Friday, March 18, 2011

Disappears Makes Guider A Fuzzy Wonderment

DisappearsOne of the best things to come out of Chicago lately is the scuzzy hypnotic grooves of the Disappears. With nothing but heady, shoegaze guitars and a rhythm that rarely deviates from its naked essentials, they go one better than paying homage to the 1970s experimental krautrock scene. Disappears improves upon it without feeling a need to eschew the term.

It does everything you want the sound to do, with its post-psychedelic jamming, moody progressive rock, and experimental punkish pickups that trudge and chug along. It makes for some impressive music making, but plays even better live when the band breaks away from anything an audience might expect. They don't hold back.

An unapologetic experiment in propulsive sameness.

If anybody else would have put out Guider, it would have never worked. Compared to their first Kranky outing, Lux, Guider has narrowed to become even more incessant, especially in their delivery of the continuously even-handed nearly 16-minute long track Revisiting, cut in one take.

After being formed in 2009 by Brian Case (formerly 90 Day Men and currently The Ponys) and Graeme Gibson (formally Boas) who partnered to record the earliest songs written by Case, they added Jonathan van Herik (also Boas) and Damon Carruesco. When Gibson left to invest more time with The Fruit Bats, Case called Steve Shelley (formerly Sonic Youth), never expecting him to join. Shelley did, adding even more allure to the solid lineup.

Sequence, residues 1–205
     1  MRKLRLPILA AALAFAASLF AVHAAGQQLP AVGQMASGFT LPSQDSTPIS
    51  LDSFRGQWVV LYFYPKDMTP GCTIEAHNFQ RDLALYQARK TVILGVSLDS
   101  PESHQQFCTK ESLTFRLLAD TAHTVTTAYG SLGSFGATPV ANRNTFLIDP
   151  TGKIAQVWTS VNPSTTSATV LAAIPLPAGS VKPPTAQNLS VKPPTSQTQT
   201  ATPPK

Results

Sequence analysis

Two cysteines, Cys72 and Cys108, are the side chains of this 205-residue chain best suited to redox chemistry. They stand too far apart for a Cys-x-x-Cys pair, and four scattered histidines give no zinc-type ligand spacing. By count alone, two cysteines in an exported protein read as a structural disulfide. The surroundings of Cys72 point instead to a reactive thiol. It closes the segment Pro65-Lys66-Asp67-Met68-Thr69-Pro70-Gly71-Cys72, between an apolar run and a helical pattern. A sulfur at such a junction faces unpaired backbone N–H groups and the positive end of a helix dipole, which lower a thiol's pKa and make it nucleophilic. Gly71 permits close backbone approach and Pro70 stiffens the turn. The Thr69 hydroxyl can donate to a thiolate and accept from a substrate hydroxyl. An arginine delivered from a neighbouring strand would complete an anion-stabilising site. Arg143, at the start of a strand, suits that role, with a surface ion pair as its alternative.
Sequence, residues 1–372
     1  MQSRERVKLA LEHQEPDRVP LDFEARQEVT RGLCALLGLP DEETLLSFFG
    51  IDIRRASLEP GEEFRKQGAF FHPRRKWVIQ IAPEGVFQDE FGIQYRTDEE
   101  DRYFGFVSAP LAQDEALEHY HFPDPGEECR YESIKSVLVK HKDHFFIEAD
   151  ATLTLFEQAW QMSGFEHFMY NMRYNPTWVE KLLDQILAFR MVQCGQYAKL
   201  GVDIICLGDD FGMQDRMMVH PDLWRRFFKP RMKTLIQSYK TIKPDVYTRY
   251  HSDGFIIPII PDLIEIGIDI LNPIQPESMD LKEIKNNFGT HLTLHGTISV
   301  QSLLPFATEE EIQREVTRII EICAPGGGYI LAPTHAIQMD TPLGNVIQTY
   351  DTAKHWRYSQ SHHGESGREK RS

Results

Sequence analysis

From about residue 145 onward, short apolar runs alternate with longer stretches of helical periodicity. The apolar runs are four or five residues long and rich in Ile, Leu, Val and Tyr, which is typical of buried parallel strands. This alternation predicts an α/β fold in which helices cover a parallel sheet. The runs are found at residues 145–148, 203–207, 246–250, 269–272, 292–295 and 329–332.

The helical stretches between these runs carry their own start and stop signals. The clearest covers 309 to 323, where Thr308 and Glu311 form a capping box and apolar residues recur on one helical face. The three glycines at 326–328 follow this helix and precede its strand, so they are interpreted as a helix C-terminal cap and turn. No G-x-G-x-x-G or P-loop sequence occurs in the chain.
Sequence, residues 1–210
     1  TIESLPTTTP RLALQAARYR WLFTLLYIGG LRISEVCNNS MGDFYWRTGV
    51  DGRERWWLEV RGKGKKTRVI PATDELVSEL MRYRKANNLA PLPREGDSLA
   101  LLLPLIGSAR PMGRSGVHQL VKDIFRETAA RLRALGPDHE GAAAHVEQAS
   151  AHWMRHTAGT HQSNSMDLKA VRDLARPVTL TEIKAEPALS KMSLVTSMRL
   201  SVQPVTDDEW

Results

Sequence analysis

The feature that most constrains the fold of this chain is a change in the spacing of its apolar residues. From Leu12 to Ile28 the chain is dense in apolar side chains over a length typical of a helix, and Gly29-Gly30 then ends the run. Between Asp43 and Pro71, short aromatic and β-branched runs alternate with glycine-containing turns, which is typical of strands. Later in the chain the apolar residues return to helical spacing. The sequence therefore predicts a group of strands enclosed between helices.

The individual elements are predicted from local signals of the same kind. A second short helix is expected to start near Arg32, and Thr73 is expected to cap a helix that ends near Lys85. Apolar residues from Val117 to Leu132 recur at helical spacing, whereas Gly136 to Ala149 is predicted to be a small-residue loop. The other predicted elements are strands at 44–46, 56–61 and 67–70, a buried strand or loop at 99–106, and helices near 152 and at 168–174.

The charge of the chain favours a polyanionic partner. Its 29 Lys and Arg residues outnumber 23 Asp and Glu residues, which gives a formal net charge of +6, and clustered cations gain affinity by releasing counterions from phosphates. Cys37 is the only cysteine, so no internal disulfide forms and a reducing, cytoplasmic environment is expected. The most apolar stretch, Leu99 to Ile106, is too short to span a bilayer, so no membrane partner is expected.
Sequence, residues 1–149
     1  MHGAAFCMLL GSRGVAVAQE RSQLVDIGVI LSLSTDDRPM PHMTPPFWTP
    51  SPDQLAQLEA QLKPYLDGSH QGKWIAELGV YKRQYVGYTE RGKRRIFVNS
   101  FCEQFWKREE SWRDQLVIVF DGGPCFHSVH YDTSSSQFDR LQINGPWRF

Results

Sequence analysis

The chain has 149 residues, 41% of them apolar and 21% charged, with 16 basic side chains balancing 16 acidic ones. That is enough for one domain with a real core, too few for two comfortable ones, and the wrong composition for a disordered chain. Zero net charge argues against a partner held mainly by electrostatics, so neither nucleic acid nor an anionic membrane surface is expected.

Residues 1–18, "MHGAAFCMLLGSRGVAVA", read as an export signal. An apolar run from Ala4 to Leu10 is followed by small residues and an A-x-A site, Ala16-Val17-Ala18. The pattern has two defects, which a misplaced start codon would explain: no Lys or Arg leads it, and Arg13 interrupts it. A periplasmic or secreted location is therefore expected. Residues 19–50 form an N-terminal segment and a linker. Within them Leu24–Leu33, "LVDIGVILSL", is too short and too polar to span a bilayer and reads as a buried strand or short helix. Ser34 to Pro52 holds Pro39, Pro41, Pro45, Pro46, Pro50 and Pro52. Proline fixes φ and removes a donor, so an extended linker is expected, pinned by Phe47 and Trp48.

"The idea is to get something going. To get to where the music becomes physical almost," Case said in an interview last year. "We call it the bliss-out part of the song–everything is going and it's just happening."

I don't hear too many people say this outside the Beat Generation with jazz (and maybe Bardo Pond). But the Disappears don't just talk about it. They actually do it, sometimes in no time at all. Of the five shorter songs, Superstition is packed tightly in under two minutes. The shortness not only makes it a success, it also leaves everyone wanting more.

Superstition is one of a dozen examples of what Case means when he talks about trying to make these songs physical. The repetitive beats wash over, building and building until you want them to explode. They never do. They just build up the tenseness and flow from one track to the next.

Along with Superstition, Not Romantic and the title track, Guider, are among the strongest, all for their driving steadiness. Halo is okay and New Fast is tired. There are five more songs expected to be out soon, most of them played during their European tour in February. They will be releasing them (get this) on cassette before weeding out which ones will land on some future LP.

Guider Disappears In All The Right Ways With 7.8 On The Liquid Hip Richter Scale.

The Disappears is the kind of band you put on anytime you want to hear something that sounds like nobody else. Even from my own take that they're a little bit krautrock and a little bit punk, they really aren't any of it. They just play until they get "it."

You can pick up Guider at iTunes. Amazon has Guider and Barnes & Noble also carries the album. They will be playing Chicago on March 22. I'm watching for their next LP.
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